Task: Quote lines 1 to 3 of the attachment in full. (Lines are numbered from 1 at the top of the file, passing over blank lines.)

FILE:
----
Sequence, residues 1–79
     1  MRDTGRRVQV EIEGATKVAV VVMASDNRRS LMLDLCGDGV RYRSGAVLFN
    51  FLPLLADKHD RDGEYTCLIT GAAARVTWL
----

Sequence, residues 1–79
     1  MRDTGRRVQV EIEGATKVAV VVMASDNRRS LMLDLCGDGV RYRSGAVLFN
    51  FLPLLADKHD RDGEYTCLIT GAAARVTWL